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Lesson 20 Outdoor Adventure´s archives ↓

Lesson 20: Page 01

Lesson 20: Page 02

We launched our rafts into the swift moving current and grabbed the paddles to navigate the raft to river left and quickly line up for the first rapid. The snow had changed to rain as it hovered around 34 degrees. My excitement to be on a river adventure occasionally gave way to more rational thinking of “what the heck am I doing here?” It was the middle of February, dead of winter, and I had just launched onto Oregon’s Rogue River with my professional river guide friends. This was their winter break, a crazy getaway that was in stark contrast to their summer jobs guiding on the river wearing shorts and Teva’s.  I was all cozy warm, for the moment, in my synthetic long johns, fleece outer wear and full dry suit. The content you are trying to access is only available to members. Sorry.

Lesson 20: Page 03

The business of the outdoors is huge! There are so many activities from fishing, skiing, biking, wilderness activities, and much more; that have products manufactured for the activity and editorial publications representing each. If there is any specific are you enjoy like skiing or fishing as examples, why not photograph them? You can create very marketable stock photography and also approach and work for the product manufacturers who make the skies, boots, poles, apparel, fishing poles, reels, hip-boots, hats, gloves, tackle, and……………………..The content you are trying to access is only available to members. Sorry.

Lesson 20: Page 04

Other activities can be successfully photographed by photographers who are more observers where they stand back and shoot the action as it happens. These would be sports such as rafting, canoeing, camping, sailing, biking, scuba diving, backpacking, fishing, and many more. This lesson will cover shooting adventure as stock and on assignment.The content you are trying to access is only available to members. Sorry.

Lesson 20: Page 05

Years ago, when I had created a worthy portfolio of adventure images, I went to one manufacturer and borrowed their clothing. I hired four models and put the companies clothing on them and we headed into the mountains for four days.  While we camped in the mountains, we shot camping, canoeing, mountain biking, hiking and backpacking, and some lifestyle images.  The company used so many images in their next three catalogs my invoice for stock photo usage was $18,000. The content you are trying to access is only available to members. Sorry.

Lesson 20: Page 06

So rather than trying to shoot a little of many subjects, you should concentrate on one or a couple activities that are easy for you to engage in and shoot away building a decent file of images. Enter this field only if it interests you since you will need to purchase props and use models. The content you are trying to access is only available to members. Sorry.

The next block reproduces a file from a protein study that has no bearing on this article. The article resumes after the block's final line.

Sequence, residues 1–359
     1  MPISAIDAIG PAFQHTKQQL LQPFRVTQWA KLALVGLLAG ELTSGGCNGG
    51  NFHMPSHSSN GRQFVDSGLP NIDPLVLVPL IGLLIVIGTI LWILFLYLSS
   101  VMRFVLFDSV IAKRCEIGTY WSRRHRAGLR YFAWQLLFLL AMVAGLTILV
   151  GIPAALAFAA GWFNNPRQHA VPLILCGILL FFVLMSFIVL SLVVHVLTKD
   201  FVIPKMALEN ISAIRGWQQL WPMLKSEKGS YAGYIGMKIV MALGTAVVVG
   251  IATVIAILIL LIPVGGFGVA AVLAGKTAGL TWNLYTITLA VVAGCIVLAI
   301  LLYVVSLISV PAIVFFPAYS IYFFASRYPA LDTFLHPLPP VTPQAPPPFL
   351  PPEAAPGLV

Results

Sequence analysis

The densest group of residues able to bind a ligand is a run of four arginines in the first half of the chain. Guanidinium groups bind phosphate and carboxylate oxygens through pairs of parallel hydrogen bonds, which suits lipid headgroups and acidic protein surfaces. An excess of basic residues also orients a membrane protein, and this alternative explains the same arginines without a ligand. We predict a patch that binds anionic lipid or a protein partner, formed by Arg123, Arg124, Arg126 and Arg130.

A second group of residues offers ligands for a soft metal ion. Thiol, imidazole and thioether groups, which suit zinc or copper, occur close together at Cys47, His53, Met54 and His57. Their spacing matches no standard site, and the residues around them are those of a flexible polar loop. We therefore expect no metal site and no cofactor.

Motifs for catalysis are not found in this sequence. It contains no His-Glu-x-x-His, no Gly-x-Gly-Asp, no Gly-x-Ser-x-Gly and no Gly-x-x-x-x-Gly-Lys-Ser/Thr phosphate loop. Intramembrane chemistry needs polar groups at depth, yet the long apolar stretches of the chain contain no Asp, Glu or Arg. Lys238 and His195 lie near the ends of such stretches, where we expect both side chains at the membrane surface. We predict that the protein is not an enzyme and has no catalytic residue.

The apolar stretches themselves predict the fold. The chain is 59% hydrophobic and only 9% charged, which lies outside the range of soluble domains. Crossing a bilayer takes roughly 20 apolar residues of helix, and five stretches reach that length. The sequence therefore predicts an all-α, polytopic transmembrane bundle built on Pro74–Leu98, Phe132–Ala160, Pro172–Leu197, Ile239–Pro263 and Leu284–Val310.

Lesson 20: Page 07

Set the tent up in your backyard,  pick a manual power setting on your flash. I chose ¼ power. Then with the camera on a tripod, I shoot a test exposure at f/4, f/5.6, f/8, f/11, f/16.  I then determine which f/stop is the best tent exposure, lets say f/8, and whenever I take that tent out, I know that the exposure will be f/8 with the flash at ¼ power in that tent. You then bracket your shutter speed during the shoot to get some darker and some lighter. The content you are trying to access is only available to members. Sorry.

Lesson 20: Page 08

These are things that are required for shooting adventure sports. I have the equipment to shoot everything from backpacking to large family campouts and many other setups. If I hire a model to be in a shot and she doesn’t have the attire that I want in the scene, I need to have it myself.  I also purchase all this gear through my business so it is tax deductable. The content you are trying to access is only available to members. Sorry.

Lesson 20: Page 09

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Lesson 20: Page 10

When you are on an adventure, possibly as a paying guest, your goal is to capture the essence of the adventure.  Your pictures need to tell us what the trip was about.  Was it cold or hot?  Physically demanding, or laid back and relaxing? You need to show the emotions of the participants as they experience the highs and lows of the adventure.  Show the exhilaration and excitement of splashing through a wild whitewater rapid, or the physical anguish of trying to make a difficult rock climbing move. You should also document the enjoyment of a fabulous cooked meal often provided on guided trips. Look for the scenic beauty of a tent against a spectacular backdrop, and the lighthearted moments of people having a great time. The content you are trying to access is only available to members. Sorry.

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